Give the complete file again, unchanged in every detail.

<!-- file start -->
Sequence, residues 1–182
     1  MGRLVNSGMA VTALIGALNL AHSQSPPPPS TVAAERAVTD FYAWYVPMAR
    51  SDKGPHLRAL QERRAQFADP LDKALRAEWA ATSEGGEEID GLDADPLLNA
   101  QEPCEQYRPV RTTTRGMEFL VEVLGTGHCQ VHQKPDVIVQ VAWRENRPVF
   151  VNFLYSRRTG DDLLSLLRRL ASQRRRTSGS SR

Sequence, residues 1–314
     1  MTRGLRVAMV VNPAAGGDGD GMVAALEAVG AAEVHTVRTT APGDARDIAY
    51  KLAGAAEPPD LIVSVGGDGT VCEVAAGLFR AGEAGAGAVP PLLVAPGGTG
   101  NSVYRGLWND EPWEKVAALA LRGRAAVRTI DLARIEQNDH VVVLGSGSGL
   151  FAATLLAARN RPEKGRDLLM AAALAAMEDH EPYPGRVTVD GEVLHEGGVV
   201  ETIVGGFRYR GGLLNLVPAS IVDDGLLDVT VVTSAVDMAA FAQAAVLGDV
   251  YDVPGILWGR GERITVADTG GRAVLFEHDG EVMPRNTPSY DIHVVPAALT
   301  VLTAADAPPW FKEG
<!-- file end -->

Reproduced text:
Sequence, residues 1–182
     1  MGRLVNSGMA VTALIGALNL AHSQSPPPPS TVAAERAVTD FYAWYVPMAR
    51  SDKGPHLRAL QERRAQFADP LDKALRAEWA ATSEGGEEID GLDADPLLNA
   101  QEPCEQYRPV RTTTRGMEFL VEVLGTGHCQ VHQKPDVIVQ VAWRENRPVF
   151  VNFLYSRRTG DDLLSLLRRL ASQRRRTSGS SR

Sequence, residues 1–314
     1  MTRGLRVAMV VNPAAGGDGD GMVAALEAVG AAEVHTVRTT APGDARDIAY
    51  KLAGAAEPPD LIVSVGGDGT VCEVAAGLFR AGEAGAGAVP PLLVAPGGTG
   101  NSVYRGLWND EPWEKVAALA LRGRAAVRTI DLARIEQNDH VVVLGSGSGL
   151  FAATLLAARN RPEKGRDLLM AAALAAMEDH EPYPGRVTVD GEVLHEGGVV
   201  ETIVGGFRYR GGLLNLVPAS IVDDGLLDVT VVTSAVDMAA FAQAAVLGDV
   251  YDVPGILWGR GERITVADTG GRAVLFEHDG EVMPRNTPSY DIHVVPAALT
   301  VLTAADAPPW FKEG